PDL for inbound XML interface

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  • #50305
    John Hervatin
    Participant

    Hello!  We are trying to build an TCP/IP interface to receive inbound XML messages.  We are assuming we need to use PDL-TCPIP protocol, but what PDL should we use.  The incoming message appears to have no start encoding characters, and to terminate with 0x0a.  Is this standard for XML interfaces?  Is there a PDL available consistent with this?

    Since we didn’t know what PDL to use, we emulated an existing HL7 terface and used mlp-tcp.pdl, but this looks for the HL7 MLP control characters.  Of course, that does not work.  To make it work with the XML message, would we just make a variant of mlp-tcp.pdl that defines no start character and an ending string of 0x0a?

    Thanks in advance for any insight you folks might have,

    – John Hervatin

    Here is the dump of the incoming message:

    3c 3f 78 6d  6c 20 76 65  |.<| 2f 6f 69 6d  3e 0a        |/oim>.|

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    • #65568
      Jim Kosloskey
      Participant

      John,

      Why not check with the sending system and see if they can length encode the message (this is pretty common in the TCP/IP world)?

      If they can length encode then use the TCP/IP not PDL protocol.

      email: jim.kosloskey@jim-kosloskey.com

    • #65569
      John Hervatin
      Participant

      Thank you Jim!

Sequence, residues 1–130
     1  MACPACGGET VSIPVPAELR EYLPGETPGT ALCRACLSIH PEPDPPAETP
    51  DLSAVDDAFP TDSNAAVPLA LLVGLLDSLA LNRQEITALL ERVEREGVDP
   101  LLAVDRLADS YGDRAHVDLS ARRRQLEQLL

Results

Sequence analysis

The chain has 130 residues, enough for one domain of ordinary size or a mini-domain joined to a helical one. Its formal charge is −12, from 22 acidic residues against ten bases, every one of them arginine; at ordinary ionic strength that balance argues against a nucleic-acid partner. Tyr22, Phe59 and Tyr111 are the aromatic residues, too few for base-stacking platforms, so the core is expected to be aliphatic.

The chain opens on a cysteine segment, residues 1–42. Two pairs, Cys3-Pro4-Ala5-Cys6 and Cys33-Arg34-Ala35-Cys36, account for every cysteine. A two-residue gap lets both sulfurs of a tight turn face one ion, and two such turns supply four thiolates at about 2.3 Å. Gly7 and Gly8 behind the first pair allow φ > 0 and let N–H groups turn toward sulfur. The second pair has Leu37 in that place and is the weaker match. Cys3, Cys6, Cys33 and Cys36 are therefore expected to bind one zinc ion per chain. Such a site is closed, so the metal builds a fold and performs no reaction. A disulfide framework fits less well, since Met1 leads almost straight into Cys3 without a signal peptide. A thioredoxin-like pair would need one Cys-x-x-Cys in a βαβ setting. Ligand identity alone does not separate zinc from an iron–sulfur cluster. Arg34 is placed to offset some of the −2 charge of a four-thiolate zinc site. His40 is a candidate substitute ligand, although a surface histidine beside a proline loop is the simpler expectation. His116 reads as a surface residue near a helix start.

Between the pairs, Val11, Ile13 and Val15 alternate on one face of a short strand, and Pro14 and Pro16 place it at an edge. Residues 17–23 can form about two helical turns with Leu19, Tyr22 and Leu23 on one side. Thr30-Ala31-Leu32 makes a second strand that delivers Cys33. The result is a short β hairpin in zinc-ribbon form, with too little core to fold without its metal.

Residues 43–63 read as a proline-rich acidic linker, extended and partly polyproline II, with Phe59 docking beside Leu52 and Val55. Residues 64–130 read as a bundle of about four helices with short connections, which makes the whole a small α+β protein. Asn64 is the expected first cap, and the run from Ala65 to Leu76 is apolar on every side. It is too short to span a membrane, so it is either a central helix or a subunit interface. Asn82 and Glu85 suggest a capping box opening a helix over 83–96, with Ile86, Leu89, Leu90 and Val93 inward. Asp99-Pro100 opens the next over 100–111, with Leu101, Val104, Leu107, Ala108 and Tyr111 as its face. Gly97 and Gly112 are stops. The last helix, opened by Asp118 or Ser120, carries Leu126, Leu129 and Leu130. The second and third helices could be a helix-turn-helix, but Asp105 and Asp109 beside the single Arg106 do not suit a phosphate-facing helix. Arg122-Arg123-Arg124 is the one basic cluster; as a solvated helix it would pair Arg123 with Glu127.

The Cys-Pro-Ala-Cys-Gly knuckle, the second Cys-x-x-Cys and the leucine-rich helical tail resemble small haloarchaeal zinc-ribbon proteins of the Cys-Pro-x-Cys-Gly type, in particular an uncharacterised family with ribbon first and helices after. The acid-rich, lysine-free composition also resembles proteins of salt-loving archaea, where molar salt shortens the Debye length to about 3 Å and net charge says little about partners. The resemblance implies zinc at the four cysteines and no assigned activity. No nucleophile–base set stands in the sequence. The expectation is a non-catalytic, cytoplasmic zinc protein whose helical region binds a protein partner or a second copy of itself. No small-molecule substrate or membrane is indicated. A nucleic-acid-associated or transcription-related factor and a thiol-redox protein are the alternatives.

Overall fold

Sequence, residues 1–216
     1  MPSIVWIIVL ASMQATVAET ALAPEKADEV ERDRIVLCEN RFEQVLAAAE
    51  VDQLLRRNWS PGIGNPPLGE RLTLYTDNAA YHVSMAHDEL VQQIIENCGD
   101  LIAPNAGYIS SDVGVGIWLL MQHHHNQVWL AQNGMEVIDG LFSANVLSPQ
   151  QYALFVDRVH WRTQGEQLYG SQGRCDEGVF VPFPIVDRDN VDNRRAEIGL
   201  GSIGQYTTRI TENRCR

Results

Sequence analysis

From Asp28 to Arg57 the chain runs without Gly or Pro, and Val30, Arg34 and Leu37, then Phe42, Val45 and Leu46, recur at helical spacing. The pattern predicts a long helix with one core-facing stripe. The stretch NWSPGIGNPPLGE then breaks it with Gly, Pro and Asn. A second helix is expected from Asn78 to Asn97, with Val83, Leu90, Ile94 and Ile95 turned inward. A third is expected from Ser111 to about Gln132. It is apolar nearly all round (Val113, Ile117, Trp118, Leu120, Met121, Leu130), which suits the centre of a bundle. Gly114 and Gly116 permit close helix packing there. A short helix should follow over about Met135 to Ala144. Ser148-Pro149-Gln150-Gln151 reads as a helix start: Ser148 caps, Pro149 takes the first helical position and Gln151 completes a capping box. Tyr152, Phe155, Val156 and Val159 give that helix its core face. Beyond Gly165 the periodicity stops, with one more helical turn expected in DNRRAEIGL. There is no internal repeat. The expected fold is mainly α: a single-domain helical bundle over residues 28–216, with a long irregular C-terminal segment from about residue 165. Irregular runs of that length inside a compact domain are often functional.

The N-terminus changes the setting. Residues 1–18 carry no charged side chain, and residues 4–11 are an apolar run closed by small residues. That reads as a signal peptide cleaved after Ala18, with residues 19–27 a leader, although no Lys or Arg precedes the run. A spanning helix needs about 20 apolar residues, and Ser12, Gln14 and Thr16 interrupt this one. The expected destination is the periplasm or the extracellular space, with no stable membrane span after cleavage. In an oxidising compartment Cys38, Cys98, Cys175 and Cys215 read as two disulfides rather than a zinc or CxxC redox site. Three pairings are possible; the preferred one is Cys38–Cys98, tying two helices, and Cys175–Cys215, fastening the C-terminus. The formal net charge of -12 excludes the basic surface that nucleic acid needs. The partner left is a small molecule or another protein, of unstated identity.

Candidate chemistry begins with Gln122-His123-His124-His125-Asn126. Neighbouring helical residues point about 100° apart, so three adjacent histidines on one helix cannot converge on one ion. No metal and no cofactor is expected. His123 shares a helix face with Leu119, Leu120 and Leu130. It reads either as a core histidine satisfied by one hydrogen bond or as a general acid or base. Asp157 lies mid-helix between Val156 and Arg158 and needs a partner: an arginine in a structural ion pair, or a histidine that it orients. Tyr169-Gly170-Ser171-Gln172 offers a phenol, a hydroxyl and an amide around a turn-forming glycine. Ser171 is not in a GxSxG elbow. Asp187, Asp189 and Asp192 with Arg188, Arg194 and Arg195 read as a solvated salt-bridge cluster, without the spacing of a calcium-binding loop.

We’ll follow that lead.  We had been considering having the vendor encapsulate the message with the mlp characters, but your suggestion seems more sensible.

      Our next question would be what is typical as far as sending an ACK/NAK back to the sender?  What exactly needs to be sent back and how is this accomplished?

      — John

    • #65570
      Jim Kosloskey
      Participant

      John,

      Well if the vendor has no requirements for acknowledgments then you get to negotiate that with them.

      Ideally you would want something from each message that uniquely identifies the message (like the MSH-10 field in Hl/7).

      All of the good message standards seem  to have that.

      However, if the  vendor does not have an acknowledgment specification, it is doubtful the vendor has given any thought to that. If that is the case, it is beginning to sound like this is not a very sophisticated vendor.

      OK at a minimum you need to have some sort of message you send back that indicates success or failure with the message. Given the vendor seems to be XML biased, I am guessing they will want an XML structured acknowledgment.

      Hopefully they do not care, in which case you can send something a simple as a one byte message (pretty efficient – not so practical).

      Were it me I would want to send something kind of human readable (like ACK and NAK) along with something from the inbound message that makes it unique or at the very least a date/time stamp associated with the message (maybe you could use the mid from the metadata – that will be relatively unique I would think and you can then associate it with the inbound message in SMAT).

      Just make sure you and the vendor agree on how acknowledgment handling will work and have that documented and signed off.

      By the way, would you like to share who the venodr is so we can all be prepared should they show up on our radar?